In early 2009, I spent a solid month at the Portland International Film Festival. I saw thirty films in just over three weeks, all at one of the same three movie theaters. My city has a great IFF. I kept a running tally of my favorite films, most of which included things I never would have been exposed to had I stuck to regular movie theaters – even the arthouses – during the same one month period. A few that still stand out are Bosnian director Aida Begic’s Snow, Czech director Bohdan Slama’s The Country Teacher, Austrian Gotz Spielmann’s Revanche and Mexican Fernando Eimbcke’s Lake Tahoe. I left the latter in tears (Begic’s Snow was the only other film to have the same effect) and it’s been on my mind since, though I’ve hesitated to return to it for fear that my hugely bittersweet recollection of the experience of watching it will somehow lose rank in my memory canon.

Now I’ve watched it again, with six years more crucial life experience to bring to my judgment of it. I can say that I still think it’s a magnificent movie, made with two of the best weapons a good director can have in his or her arsenal, compassion and stylistic control, though its emotional impact has faded somewhat. But I think that has more to do with the mid-story reveal, which this time around was no longer the surprise it was intended to be, than it does with any kind of waning of the film’s real power. I still believed in the main character’s pain and that it would have led him to do everything he does over the course of the film’s single day.

This is a small movie of subtle emotional cues that is simultaneously a comedy, a rarely-attempted combination that is pulled off almost never. There may, in fact, be something alchemic about the mix – wry comedy with deep pathos – that only works at full strength the first time around, and thereafter has to be viewed for the technical prowess with which the emotion is conveyed.

Lake Tahoe’s technical side can hardly be missed. It’s one of those Tsai Ming-Liang/Aki Kaurismaki-indebted films where the camera rarely moves and many small, shuffling, quotidian actions are carried out within the constrictive confines of the frame. You can’t miss how deliberately the story is carried along, how infrequently Eimbcke cuts, or that when he does, it’s for an effect that is simultaneously funny and moving.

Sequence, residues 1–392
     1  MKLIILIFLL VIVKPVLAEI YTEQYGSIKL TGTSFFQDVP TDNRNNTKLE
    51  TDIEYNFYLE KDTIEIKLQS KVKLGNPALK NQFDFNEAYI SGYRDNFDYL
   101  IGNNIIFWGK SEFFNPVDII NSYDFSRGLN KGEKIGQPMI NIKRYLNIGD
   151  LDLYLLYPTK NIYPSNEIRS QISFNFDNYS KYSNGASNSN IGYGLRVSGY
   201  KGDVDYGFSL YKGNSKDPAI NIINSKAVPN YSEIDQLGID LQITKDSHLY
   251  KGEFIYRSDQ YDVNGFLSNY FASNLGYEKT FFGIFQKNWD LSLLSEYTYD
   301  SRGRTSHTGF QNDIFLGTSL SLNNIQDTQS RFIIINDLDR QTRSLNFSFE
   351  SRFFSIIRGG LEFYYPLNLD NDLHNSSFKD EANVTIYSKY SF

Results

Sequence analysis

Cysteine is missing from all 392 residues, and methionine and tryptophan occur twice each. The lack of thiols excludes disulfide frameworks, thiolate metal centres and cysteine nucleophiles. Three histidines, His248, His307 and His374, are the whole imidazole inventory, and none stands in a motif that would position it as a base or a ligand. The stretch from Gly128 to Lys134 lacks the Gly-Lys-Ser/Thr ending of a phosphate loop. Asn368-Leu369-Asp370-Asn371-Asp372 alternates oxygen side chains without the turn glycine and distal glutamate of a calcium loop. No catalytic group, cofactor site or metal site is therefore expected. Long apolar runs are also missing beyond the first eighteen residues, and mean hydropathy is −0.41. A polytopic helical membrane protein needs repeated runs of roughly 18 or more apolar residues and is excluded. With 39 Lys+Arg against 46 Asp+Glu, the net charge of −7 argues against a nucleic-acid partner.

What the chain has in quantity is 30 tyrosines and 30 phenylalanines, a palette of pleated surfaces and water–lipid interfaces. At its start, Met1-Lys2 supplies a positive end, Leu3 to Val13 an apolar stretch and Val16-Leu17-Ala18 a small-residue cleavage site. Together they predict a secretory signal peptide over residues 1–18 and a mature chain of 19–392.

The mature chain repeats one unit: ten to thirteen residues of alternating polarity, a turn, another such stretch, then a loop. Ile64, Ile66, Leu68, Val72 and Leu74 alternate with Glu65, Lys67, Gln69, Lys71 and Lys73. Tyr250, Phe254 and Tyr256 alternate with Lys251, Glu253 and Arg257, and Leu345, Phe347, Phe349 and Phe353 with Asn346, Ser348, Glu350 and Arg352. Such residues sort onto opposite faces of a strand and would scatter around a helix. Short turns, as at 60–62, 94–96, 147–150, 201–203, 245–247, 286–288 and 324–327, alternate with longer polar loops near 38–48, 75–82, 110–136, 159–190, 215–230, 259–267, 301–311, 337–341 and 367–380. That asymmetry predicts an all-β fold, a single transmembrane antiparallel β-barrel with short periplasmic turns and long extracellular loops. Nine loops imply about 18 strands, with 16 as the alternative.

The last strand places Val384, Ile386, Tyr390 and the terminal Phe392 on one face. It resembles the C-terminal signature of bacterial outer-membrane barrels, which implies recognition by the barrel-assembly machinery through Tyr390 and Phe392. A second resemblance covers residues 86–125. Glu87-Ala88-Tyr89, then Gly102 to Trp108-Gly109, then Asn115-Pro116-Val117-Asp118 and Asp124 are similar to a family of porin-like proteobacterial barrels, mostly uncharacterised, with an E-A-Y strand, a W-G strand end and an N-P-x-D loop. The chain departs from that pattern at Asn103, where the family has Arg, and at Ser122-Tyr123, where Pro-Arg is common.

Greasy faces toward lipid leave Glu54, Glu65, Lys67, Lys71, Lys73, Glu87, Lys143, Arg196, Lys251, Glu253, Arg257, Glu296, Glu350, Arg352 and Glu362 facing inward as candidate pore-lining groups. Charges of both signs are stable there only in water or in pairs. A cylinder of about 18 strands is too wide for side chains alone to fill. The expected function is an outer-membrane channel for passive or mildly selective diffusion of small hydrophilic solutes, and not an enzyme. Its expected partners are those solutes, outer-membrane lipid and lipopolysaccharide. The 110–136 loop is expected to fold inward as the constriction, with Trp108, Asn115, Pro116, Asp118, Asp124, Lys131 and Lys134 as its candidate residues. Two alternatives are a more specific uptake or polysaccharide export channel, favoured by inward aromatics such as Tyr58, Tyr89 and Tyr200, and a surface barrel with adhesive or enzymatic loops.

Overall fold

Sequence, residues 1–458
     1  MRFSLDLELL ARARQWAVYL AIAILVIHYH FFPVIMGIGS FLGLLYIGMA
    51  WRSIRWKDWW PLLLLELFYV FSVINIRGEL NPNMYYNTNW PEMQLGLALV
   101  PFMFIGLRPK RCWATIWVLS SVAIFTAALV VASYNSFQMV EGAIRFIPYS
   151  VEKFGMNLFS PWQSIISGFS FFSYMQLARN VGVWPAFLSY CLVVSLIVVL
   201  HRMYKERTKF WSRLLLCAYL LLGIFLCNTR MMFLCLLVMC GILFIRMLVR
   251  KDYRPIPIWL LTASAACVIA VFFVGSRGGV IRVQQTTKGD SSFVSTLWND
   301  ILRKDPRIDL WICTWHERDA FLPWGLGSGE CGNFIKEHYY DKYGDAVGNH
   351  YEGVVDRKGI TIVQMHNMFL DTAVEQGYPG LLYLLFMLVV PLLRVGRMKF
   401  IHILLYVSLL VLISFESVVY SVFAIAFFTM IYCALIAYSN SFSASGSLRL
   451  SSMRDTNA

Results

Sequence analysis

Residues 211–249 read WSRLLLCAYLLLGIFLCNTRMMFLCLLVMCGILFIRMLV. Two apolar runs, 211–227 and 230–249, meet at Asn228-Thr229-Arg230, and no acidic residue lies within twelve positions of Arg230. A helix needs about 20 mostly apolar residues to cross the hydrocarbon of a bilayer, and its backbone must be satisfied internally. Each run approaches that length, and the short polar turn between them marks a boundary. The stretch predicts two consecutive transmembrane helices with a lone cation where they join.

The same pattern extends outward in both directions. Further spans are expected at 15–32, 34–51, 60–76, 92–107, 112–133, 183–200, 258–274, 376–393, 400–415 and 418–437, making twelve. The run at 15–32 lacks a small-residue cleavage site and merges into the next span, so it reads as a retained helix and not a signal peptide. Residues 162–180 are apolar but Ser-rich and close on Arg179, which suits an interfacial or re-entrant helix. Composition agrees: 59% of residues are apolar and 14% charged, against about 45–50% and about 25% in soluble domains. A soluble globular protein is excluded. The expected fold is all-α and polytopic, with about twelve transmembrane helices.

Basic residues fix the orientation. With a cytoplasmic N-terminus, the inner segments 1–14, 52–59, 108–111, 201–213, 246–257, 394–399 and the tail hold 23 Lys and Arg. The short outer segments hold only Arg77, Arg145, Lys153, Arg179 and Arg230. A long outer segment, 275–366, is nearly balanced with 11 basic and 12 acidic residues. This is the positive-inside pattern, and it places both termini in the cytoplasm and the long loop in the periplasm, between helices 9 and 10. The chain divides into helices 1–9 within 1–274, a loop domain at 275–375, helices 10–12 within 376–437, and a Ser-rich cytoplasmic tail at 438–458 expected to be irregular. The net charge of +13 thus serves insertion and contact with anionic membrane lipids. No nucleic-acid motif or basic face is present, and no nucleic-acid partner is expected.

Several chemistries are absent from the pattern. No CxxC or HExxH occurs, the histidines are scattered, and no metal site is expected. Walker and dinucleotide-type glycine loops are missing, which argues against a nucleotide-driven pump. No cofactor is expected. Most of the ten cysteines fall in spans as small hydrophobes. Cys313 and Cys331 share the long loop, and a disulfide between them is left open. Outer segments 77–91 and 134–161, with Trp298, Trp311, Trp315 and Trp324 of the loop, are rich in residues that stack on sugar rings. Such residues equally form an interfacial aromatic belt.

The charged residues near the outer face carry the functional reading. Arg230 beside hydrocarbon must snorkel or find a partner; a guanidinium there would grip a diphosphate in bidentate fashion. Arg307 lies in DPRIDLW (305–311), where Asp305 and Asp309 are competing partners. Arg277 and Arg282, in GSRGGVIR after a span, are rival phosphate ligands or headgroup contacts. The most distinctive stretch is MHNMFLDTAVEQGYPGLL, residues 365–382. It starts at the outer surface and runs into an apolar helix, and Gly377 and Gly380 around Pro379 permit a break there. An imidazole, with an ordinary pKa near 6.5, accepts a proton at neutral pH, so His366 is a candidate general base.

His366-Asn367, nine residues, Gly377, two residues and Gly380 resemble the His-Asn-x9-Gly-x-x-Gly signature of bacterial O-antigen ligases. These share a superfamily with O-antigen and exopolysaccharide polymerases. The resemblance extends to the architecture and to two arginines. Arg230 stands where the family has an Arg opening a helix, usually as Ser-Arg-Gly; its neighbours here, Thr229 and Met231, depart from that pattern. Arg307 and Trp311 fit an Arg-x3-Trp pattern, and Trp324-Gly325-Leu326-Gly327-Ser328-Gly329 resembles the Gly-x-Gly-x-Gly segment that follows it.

The story follows Juan (Diego Cataño) in his search for a replacement part for his car’s engine. In the opening shot – actually just off-screen – Juan crashes his family’s tiny auto into a telephone pole, after which point it stubbornly refuses to start. He walks determinedly from the outskirts of his Yucatán town (through some minor detective work – a Google search of some characteristics of Juan’s license plate, which can be seen in a few shots – I was able to determine that this movie takes place in the seaside town of Progreso) into the heart of it and knocks on the front door of every auto mechanic he can find. He’s eventually forced to barge through the gate of his last hope, a tiny auto shop run by a foggy-brained old man (Hector Herrera) who mistakes him for a would-be burglar and attempts to call la policia. But the old man can’t find his phone book, and so instead he offers a deal: he’ll find the engine part and hand it over for a bargain in exchange for Juan walking his dog. Juan reluctantly agrees, which leads him directly into the second minor disaster of a day that promises to be full of them.

Eimbcke’s earlier film, Duck Season, about two pre-adolescent boys making a go of it after being left on their own in an apartment for a day, is the kind of comedy that maintains momentum by ratcheting up the trouble into which it can sink its protagonists. Lake Tahoe begins similarly, and Eimbcke may have made another comedy as genuinely warm and funny as Duck Season if Juan’s day had continued to spiral into worse and worse predicaments. But Eimbcke had more in mind for his second feature. And with it he proved he also has the emotional register to carry his ambition through. There’s no need to reveal exactly what Eimbcke, or for that matter Juan, had in mind. Let’s just say that for anyone who’s ever lost someone, Lake Tahoe may become something like a very close friend.

It’s not precisely true to say that Lake Tahoe is “underrated”. It has an 86% on Rotten Tomatoes, but from only six real critics, followed by a handful of sublimely opinionated bloggers. Which means that when people can see Lake Tahoe, they see its quality. But the film isn’t even listed on Box Office Mojo, which means that aside from a few small city festivals, it never got a shot at a wide American audience. To me that’s as good a qualification for something being “underrated” as anything: give people a chance to see a work of art, and they’ll grade it highly. Deny them that, and the artwork will be about as underappreciated as it comes. Thankfully there’s the terrific Film Movement DVD series, without which Lake Tahoe would have had to live gloriously on in my memory, instead of popping back up to move me all over again.

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